I Hate Metformin (A Rantlet)

meowser-48.jpg posted by meowser

I wish I was a voice-file-editing wizard, because in order to get the full impact of the title and what it means to me, it needs to be read in one of those Yosemite Sam type of growls: “Ahhhhhh HAAAATES metfohmin.” Because I really do hate metformin (brand name: Glucophage) the way Yosemite Sam hated Bugs Bunny, and with a lot more justification. Metformin is not cute. It is not witty. It does not have soft pettable-if-only-it-were-real fur. It does not kiss its enemies full on the lips and then spin its ears to fly away. It’s just a big old nightmare, that’s all.

For those of you who are met-n00bs, lucky you, a bit of background on what this drug is. It’s supposed to be an insulin sensitizer, so it’s typically given to people with type 2 diabetes who are not yet insulin dependent, so they can make the best possible use of what little insulin their pancreases are able to come up with at this stage of the disease. But in recent years (I was first prescribed it in 1997), it’s also been commonly dispensed to women with polycystic ovarian syndrome, which I have, because one of the markers for PCOS is elevated fasting insulin. That means my pancreas is working way too hard, and for the time being, the net result is that my blood sugars, even after eating, tend to run a little on the low side. But if the pancreas continues to overwork itself, it could eventually burn itself out and bang, diabetes. That’s the theory, anyway, and hence metformin is supposed to slow down the overproduction of insulin so I’ll have more of it later on when I need it.

But I’ve never been able to stay on it. (Okay, here comes the grody part; that’s what you love me for, right?) Because here’s what else it does to me, besides sensitize my cells to insulin: It turns my digestive tract into a long, snakey blender set permanently on puree. I’m sure if you asked most people whether they’d rather have explosive diarrhea or be fat, they’d pick the diarrhea, but not me. Explosive diarrhea is my idea of an unacceptable side effect. I mean, really, think about it. You can’t go ANYWHERE without knowing exactly where the nearest toilet is, and when you get there it had better be unoccupied. Last I looked it was still legal to be fat in a supermarket (at least for the time being); I’m pretty sure it’s totally illegal to take a dump in the middle of a produce aisle. Yeah, I could wear an adult diaper, and I’m well aware that there’s no way around that for a lot of people, but you still have to change the damn diaper as soon as you know you’ve, er, used it. Which still amounts to finding and gaining access to the blasted toilet ASAP before people start complaining about the smell. Call me shallow, but I’d rather put off the adult-diaper stage of my life for as long as I can swing it.

So for years, the cycle has been that I’d stay on the met for as long as I could stand it, then discontinue and tell my doctor I can’t tolerate it. Then the doctor says, “Well, you really should take it,” so I’d start taking it again, and become Ms. Poopy Shorts again, and the doctor would give me shit (snerk) about discontinuing again, and the typical thing they tell you to do is take some Imodium or something to stop the flying poop. Well, I have a couple of problems with that. One, I firmly believe that if something is racing to exit your body, there’s probably a good reason for it, and messing with that every day could cause all kinds of problems later. For another, I really dislike the “take more drugs to counteract the side effects of the drugs you’re taking” syndrome. I already do that with psych meds, and it blows mountain-lion-sized hairball chunks. Because, where does it end? That’s why, whenever I create a medical report for someone older than about 60, they’re always on about 20 different drugs and getting more added every time they show up at the doctor’s. Iatrogenic illness, what a party.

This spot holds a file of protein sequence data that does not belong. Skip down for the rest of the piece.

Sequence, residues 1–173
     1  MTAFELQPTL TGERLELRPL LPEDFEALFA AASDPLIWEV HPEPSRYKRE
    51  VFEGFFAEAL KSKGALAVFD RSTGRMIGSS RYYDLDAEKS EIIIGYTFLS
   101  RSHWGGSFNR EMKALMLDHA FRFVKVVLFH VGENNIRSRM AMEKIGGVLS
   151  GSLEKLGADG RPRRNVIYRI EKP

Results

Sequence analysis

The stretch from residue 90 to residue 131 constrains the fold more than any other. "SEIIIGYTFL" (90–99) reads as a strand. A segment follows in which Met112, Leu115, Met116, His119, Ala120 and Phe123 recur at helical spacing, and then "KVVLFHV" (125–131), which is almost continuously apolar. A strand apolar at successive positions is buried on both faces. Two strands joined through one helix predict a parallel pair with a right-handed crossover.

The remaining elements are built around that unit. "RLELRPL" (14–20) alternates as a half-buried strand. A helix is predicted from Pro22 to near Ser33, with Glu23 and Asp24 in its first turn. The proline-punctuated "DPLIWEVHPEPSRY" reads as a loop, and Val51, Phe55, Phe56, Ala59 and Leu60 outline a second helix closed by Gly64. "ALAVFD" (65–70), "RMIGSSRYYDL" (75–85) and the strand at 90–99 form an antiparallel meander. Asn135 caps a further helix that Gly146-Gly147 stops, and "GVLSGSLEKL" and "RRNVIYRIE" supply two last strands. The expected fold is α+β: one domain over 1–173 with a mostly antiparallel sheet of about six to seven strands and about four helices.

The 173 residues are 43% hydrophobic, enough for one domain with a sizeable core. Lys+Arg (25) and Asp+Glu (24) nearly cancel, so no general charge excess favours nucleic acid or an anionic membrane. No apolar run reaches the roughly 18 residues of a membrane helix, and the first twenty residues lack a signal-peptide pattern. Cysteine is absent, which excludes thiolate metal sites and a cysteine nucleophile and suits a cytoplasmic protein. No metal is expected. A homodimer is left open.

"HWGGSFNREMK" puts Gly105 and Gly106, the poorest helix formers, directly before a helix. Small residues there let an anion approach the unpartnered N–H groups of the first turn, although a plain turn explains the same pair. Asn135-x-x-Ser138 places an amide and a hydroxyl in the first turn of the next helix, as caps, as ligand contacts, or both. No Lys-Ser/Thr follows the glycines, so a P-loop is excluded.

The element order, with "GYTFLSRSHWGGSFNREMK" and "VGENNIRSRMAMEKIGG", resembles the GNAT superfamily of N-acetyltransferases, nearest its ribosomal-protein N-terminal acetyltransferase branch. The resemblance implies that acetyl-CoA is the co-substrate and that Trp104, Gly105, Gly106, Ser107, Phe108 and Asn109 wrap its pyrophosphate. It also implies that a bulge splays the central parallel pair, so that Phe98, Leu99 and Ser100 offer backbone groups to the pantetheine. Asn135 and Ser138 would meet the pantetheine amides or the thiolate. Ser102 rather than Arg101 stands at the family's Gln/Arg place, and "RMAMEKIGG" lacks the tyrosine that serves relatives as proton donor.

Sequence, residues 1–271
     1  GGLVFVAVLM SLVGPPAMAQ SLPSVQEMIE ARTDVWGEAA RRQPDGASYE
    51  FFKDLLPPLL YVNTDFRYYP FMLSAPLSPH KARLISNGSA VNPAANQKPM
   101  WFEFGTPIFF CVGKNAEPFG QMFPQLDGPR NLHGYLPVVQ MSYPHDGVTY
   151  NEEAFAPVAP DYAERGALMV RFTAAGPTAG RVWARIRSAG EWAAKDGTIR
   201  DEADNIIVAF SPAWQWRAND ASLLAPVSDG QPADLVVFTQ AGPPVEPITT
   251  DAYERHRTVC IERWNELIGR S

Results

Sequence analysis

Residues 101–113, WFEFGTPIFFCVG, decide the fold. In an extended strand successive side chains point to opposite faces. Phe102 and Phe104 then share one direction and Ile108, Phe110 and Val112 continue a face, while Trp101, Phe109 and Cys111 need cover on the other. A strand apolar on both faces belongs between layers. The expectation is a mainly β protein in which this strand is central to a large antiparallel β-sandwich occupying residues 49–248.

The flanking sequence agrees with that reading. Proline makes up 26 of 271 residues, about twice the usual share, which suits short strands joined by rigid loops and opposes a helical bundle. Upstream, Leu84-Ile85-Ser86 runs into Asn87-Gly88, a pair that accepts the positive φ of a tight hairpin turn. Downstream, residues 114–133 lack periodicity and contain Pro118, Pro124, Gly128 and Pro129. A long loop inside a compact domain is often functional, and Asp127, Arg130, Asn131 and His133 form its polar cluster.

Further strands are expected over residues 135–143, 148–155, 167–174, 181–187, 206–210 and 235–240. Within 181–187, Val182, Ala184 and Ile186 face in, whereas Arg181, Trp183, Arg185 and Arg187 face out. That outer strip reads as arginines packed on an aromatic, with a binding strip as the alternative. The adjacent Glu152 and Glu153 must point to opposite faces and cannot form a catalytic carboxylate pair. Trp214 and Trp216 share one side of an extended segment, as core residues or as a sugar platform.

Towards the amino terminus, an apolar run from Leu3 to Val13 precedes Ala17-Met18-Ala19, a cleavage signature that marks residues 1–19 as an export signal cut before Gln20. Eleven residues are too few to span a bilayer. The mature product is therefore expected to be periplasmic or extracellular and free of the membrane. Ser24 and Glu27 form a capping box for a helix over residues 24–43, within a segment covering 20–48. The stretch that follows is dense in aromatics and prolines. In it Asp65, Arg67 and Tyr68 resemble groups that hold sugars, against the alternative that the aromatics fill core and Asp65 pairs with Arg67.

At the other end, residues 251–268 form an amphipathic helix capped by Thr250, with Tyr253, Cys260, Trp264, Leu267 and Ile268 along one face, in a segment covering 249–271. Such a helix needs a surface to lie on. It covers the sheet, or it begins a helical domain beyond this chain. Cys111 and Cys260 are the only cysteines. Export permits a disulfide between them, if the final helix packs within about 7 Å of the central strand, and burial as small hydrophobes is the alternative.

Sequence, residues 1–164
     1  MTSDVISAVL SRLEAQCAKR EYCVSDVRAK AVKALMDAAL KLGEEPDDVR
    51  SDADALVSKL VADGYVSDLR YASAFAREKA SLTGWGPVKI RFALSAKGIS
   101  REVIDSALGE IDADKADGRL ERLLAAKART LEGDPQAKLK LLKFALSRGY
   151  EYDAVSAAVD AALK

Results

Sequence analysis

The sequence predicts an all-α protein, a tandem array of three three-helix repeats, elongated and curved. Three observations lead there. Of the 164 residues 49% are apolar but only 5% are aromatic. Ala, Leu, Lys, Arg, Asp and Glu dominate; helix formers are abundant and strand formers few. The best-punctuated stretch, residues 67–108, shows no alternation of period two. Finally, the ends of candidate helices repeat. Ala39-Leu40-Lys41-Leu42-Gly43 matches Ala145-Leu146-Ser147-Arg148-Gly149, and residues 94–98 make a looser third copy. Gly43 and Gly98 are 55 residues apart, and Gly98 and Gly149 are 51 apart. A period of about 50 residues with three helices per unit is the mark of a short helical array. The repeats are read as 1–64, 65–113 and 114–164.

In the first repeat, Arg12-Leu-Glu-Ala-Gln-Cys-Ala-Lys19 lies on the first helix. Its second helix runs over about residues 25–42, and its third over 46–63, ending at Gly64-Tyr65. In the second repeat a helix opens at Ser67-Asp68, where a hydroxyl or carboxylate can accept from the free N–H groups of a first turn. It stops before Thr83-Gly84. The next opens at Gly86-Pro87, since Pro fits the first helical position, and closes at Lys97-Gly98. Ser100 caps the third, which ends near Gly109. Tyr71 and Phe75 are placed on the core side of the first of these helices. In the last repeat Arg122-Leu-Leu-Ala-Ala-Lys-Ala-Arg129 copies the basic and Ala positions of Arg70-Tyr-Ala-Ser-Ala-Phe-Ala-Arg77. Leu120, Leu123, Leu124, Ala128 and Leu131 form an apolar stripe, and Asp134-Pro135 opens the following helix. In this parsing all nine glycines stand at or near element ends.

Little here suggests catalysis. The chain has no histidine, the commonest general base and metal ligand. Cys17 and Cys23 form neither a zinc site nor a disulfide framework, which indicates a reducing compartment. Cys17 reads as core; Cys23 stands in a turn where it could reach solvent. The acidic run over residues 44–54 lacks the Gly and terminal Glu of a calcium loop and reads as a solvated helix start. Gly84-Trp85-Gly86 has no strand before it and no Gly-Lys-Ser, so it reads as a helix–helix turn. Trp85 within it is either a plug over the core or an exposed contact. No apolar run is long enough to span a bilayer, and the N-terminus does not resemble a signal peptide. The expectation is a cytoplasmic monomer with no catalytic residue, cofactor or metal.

And lately, especially after my month-long bout with antibiotics, which can do a number on your gut all by themselves, it’s gotten much, much worse. Let’s just say that at one point there was a race to a public bathroom and…I lost. Fortunately, this happened at the shrink’s office, and she had a pretty good sense of humor about the whole thing. Her belief is that I have all this wacky shit (snerk snerk) going on in my digestive tract (and my endocrine system) because I’ve spent my life under a ridiculous amount of stress due to untreated/unrecognized Asperger’s, and that “you’ll get your body back” when I finally decompress from it all (when, I ask?).

But you know, I’ve checked around the t00bz, and I ain’t the only one set on perma-puree by this not-so-little white pill, believe you me. It seems like more people than not actually do have digestive iss-yews with metformin, but since the result of all that time spent making personal deposits in Bank of the Sewer is often weight loss…oh yay, bring it on! ANYTHING to weigh a few pounds less! I don’t get neurotypical people sometimes, would they really rather crap their pants than buy them a size bigger? Evidently they would. Therefore, none of the pharmaceutical companies, to my knowledge, are offering any real alternative to the Big Met. I asked my gyno about that, since she has PCOS herself and I thought she might have some answers, but no, even she doesn’t know of any other than “take Imodium, and if that doesn’t work, then forget about it.”